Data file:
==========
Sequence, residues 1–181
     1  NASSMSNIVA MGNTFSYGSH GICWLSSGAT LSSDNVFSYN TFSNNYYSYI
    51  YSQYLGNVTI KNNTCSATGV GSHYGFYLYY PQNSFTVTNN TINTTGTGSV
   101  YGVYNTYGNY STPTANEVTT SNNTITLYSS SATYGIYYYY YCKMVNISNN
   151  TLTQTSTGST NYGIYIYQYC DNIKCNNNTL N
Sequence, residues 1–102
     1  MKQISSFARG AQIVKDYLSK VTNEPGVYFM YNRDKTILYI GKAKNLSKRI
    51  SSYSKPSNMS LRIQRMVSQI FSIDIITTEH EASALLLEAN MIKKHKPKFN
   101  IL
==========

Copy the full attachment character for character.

Sequence, residues 1–181
     1  NASSMSNIVA MGNTFSYGSH GICWLSSGAT LSSDNVFSYN TFSNNYYSYI
    51  YSQYLGNVTI KNNTCSATGV GSHYGFYLYY PQNSFTVTNN TINTTGTGSV
   101  YGVYNTYGNY STPTANEVTT SNNTITLYSS SATYGIYYYY YCKMVNISNN
   151  TLTQTSTGST NYGIYIYQYC DNIKCNNNTL N
Sequence, residues 1–102
     1  MKQISSFARG AQIVKDYLSK VTNEPGVYFM YNRDKTILYI GKAKNLSKRI
    51  SSYSKPSNMS LRIQRMVSQI FSIDIITTEH EASALLLEAN MIKKHKPKFN
   101  IL